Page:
In 1776 – the year the Declaration of Independence was signed – London was in its 1,726 year of existence. So to say it has history is an understatement.
But, if you’re underwhelmed by museums packed with cases of war memorabilia, suits of armour that all look the same, and archaic weaponry that’s meant to have significance, have hope: London’s war history has several incredible museums.
Even if guidebooks (ahem, Rick Steves), blogs, and TripAdvisor ratings have burned you before by rating sub-standard museums as top-notch, the museums below won’t have you waiting in the café or rushing past displays.
From one museum-hater to another, I promise these history museums will deliver.
Tower of London
An oldie-but-a-goodie, the Tower of London makes most ‘top things to see in London’ lists, and it should.
As the monarch’s palace before Buckingham existed, it holds a long and diverse history (at one point there was polar bear in the moat!) that will interest even the hardest museum-haters.
To get the full experience, join a guided tour with one of the Beefeaters. They run every 30 minutes until 3.30pm and are included in your entry price, so it’s well-worth the value.
One of the Beefeaters (in full uniform) will walk you around various bits of the Tower and explain what you’re looking at – otherwise, it’s just another old, gated castle. They add humour and make life inside the walls feel a bit more real.
At the end of your tour, you’ll be directed to the central tower, where most of the artefacts are held, but it’s skippable. If you feel like taking a brisk walk past suits of armour, have a go. Otherwise, it’s a classic, boring history museum.
The crown jewels, on the other hand, are a must see. These are the real deal — the Queen and royals don them at coronations and other regal events. If you get a chance, watch The Crown on Netflix before your visit to add some relevance. Or, just enjoy the sparkling diamonds and jewels, noting that the largest cut diamond in the world is situated in these rooms.
You can also walk portions of the walls, visit the massive ravens (bred and raised by the guards), and walk through the Bloody Tower, where the torture devices of old are kept.
Keep in mind, the tower is actually the residence of the Beefeaters (all ex-military and part of the Queen’s royal guard) and their families. It’s fun to imagine coming home at night through the portcullis gate. Though I don’t know how fun it would be to live where thousands of tourists trod every day. To each their own, I guess.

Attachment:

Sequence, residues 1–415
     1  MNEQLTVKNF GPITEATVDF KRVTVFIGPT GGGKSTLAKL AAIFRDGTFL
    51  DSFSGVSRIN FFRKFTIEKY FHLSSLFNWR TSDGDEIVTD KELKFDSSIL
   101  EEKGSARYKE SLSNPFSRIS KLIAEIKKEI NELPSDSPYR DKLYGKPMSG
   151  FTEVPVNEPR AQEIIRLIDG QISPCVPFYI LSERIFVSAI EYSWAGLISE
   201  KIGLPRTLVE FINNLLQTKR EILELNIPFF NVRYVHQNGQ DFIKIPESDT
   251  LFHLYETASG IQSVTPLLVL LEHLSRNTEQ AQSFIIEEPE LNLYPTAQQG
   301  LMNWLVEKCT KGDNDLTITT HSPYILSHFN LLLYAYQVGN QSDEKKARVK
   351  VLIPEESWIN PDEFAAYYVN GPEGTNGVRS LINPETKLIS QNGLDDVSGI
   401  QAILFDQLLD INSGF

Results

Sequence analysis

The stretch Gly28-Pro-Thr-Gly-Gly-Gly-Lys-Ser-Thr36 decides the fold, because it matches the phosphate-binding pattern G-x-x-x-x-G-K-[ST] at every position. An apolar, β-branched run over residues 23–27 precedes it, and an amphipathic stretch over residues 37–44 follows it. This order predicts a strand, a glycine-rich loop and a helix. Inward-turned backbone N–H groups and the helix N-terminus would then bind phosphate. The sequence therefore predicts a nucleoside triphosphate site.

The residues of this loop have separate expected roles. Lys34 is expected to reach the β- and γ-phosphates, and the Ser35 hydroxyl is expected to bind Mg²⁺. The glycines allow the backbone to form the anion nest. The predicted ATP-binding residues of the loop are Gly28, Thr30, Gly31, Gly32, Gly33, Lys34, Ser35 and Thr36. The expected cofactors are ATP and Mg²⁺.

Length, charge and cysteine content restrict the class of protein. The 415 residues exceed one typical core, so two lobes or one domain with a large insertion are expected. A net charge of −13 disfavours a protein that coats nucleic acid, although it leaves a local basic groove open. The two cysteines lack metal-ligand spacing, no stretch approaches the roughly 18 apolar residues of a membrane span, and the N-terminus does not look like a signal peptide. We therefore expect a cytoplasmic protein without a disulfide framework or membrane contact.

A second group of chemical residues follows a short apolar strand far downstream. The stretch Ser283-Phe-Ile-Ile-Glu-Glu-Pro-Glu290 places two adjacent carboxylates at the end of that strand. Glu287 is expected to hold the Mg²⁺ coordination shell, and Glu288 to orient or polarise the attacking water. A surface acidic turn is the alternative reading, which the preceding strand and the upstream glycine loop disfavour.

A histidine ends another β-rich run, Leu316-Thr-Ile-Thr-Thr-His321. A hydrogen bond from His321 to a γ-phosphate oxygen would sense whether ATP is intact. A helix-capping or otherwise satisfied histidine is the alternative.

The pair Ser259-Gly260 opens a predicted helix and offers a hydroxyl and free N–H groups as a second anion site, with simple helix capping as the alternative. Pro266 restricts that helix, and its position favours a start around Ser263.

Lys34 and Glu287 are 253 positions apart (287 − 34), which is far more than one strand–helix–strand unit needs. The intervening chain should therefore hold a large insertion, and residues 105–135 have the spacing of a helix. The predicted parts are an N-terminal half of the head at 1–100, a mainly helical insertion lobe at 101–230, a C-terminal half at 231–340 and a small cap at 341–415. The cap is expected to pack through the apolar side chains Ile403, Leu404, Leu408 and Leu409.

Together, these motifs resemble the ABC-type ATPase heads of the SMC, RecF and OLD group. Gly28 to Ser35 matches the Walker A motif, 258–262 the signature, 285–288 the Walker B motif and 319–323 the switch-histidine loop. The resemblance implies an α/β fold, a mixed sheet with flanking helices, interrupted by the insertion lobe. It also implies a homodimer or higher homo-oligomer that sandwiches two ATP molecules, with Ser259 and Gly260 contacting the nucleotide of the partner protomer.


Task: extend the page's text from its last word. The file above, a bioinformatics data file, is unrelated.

Imperial War Museum
I’m a big fan of interactive, story-like museums, and the Imperial War Museum doesn’t disappoint (also, it’s free!).
Each floor walks you through a separate World War, followed by the Holocaust, captivating you with real stories of how it felt to live through the wars.
While you’ll still see the artefacts you would in a typical museum, the IWM groups items so that they move you along the timeline of the war as if you’re in it. You’ll even walk through a life-sized trench complete with the sound of bullets and thunder booming overhead.
The Imperial War Museum gives you a real idea of what war time does to a country – women take over the workforce, propaganda (even in first world countries) dictates what you know about the battlefields, and dread hovers that you’ll never see your loved ones again or be the next unfortunate target in an air raid.
It opens your eyes to the horrors people lived (and live) through, instead of simply glorifying victories or laying meaningless weapons, bullets, and uniforms behind glass.
If you go to one war museum in London, make it this one. Oh, and it’s free, so if you only get through one floor, you can always return for the other at a later time.
Churchill War Rooms
Stepping into Churchill’s WWII bunker is a time warp. From these rooms underneath the steps of Whitehall, Churchill and his cabinet members directed the outcomes of WWII.
You’ll be led on a guided tour through the rooms that protected the British government during the Blitz. Strangely enough, a direct blow from a bomb would have caved this place in – it’s only 12 feet underground, whereas Hitler’s bunker was 180 feet under by comparison.
You can imagine what life was like down here: tense meetings in the boardroom, strategic planning in the maps room, and a series of underground tunnels, bedrooms, and facilities meant to keep the prime minister and government heads safe.
At £19 a ticket, it isn’t a cheap option, but with 94% of almost 16,500 people on TripAdvisor rating it Very Good or Excellent, it must be worth the entry price.
A bit of history is a must in London, and these three museums are great additions for your itinerary that won’t bore you to pieces.
What’s your favourite history museum in London? Share it in a comment below.